EASTON — On Sept. 5, more than 60 Eastern Shore real estate professionals listened as Corey McCloskey, a Florida agent, described her state’s housing market crash in summer 2018, when toxic algal blooms smothered half of the state’s shorelines.
The toxic tide, fueled by warm, nutrient-rich runoff from sugar and citrus farms and urban areas, caused respiratory illnesses in humans and pets, the closure of shellfish harvesting areas, and mass mortality of fish, turtles, birds and marine mammals.
The home-buying market ground to a halt for months, significantly affecting the state’s economy and local businesses. No one wanted to buy a house where you can’t swim in the water and where even breathing the air could make you sick.
Could what happened in Florida happen on Maryland’s Eastern Shore? The short answer is yes, according to a news release from ShoreRivers.
Water quality affects people’s home-buying choices, so ShoreRivers partnered with the Mid-Shore Board of Realtors, Bay Area Association of Realtors and Maryland Sea Grant Extension to hold a workshop on local water quality, Critical Area law and how agents can get involved in clean water efforts.
“I learned about our watershed and how it affects property values,” said Liddy Campbell Vandemark, real estate agent with Cross Street Realtors. “I’m now better versed in how my clients can help our rivers and the Chesapeake Bay, whether they have a waterfront property or not.”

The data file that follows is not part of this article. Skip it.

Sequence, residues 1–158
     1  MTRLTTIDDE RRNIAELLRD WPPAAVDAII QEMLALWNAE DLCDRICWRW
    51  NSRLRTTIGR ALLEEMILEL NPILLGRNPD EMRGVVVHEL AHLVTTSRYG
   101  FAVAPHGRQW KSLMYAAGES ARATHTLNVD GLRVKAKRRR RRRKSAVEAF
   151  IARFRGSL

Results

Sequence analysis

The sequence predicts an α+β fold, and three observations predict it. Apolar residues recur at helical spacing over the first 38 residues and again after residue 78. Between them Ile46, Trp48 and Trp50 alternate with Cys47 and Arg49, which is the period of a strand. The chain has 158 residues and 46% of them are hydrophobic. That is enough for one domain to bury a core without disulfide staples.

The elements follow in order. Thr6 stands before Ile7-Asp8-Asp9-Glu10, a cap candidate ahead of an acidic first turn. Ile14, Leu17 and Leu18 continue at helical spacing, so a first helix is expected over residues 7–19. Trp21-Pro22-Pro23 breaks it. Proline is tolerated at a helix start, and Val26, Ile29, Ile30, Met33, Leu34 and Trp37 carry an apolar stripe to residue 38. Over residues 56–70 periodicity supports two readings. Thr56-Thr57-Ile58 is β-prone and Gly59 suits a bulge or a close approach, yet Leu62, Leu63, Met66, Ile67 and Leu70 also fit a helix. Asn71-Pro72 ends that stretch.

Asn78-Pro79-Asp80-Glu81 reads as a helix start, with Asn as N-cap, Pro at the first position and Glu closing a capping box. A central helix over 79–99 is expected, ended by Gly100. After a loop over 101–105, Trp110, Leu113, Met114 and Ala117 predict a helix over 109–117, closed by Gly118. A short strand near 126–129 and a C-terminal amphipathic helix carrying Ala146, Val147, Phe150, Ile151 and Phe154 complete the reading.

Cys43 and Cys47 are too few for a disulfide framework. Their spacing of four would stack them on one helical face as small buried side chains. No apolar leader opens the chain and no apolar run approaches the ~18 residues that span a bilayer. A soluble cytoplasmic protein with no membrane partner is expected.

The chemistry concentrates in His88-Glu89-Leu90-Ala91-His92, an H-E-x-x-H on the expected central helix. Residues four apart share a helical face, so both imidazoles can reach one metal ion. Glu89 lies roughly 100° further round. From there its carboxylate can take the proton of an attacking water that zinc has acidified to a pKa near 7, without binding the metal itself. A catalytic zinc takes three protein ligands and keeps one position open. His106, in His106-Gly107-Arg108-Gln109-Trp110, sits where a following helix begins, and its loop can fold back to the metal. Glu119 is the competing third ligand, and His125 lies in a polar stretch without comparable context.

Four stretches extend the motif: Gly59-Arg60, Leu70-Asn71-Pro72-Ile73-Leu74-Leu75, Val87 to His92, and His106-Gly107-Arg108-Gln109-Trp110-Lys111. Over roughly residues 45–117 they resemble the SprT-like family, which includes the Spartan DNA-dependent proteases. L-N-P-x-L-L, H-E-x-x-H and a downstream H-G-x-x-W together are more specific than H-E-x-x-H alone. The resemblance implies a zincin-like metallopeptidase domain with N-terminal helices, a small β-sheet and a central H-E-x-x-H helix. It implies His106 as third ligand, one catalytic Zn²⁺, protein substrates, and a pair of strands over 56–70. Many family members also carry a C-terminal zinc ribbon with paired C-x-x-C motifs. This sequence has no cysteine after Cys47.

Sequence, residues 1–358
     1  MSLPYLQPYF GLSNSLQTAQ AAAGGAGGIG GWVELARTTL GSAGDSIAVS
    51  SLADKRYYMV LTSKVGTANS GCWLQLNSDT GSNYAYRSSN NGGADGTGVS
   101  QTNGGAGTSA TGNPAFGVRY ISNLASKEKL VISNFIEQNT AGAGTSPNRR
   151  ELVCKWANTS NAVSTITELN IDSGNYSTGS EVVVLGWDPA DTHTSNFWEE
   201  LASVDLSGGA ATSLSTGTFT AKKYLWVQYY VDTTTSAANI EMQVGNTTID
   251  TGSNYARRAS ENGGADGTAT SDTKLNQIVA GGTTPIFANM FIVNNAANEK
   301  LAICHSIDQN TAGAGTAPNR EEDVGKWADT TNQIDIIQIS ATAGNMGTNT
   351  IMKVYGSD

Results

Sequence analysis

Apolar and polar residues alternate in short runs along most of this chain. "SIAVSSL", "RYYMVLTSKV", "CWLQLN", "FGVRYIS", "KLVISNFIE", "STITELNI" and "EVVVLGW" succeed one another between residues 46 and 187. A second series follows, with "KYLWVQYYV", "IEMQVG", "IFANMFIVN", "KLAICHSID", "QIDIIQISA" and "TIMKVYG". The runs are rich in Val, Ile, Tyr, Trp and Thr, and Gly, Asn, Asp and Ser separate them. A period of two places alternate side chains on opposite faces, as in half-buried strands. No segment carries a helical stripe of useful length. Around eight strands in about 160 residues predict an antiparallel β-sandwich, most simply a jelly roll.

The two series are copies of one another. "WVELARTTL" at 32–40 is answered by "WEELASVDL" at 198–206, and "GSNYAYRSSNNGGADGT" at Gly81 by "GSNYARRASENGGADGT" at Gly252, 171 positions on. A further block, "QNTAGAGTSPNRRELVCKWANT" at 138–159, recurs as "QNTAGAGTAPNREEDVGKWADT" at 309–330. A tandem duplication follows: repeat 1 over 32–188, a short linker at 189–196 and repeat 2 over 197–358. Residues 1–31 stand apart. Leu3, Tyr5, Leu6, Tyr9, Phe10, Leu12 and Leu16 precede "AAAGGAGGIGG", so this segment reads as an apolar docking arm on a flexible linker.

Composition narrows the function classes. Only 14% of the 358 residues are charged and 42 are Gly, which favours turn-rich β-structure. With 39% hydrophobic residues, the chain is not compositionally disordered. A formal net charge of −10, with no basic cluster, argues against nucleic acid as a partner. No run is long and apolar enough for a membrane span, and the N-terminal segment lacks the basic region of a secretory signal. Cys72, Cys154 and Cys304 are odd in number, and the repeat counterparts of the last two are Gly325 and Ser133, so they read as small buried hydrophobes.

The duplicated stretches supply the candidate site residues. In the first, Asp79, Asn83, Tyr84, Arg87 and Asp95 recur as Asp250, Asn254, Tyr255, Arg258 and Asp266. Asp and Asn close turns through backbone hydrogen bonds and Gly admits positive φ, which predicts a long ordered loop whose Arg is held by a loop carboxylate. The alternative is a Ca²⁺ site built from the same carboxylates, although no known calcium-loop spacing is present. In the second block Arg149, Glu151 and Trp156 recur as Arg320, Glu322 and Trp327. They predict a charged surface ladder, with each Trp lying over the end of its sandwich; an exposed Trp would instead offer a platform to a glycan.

After learning from McCloskey about how the Florida real estate industry responded to the “Toxic Summer of 2018,” Eastern Shore agents agreed to develop a water quality task force to continue to educate local agents on current issues threatening rivers and the resources available to help combat those threats. Some of the tools being discussed include a water quality-focused newsletter, homeowner resources for how to maintain septic systems and protect drinking water wells, and an economic study on how water quality impacts Maryland’s waterfront property values.
“If we are truly going to improve the conditions of our rivers, we need everyone involved,” Riverkeeper Matt Pluta said. “Real estate professionals can be excellent partners in spreading awareness of issues and solutions. As we learned from Florida’s ‘Toxic Summer,’ it can be difficult to sell waterfront property adjacent to algal blooms and fish kills. Let’s work to make sure that doesn’t happen here.”
Funding for this workshop was granted by Chesapeake Bay Trust’s outreach program.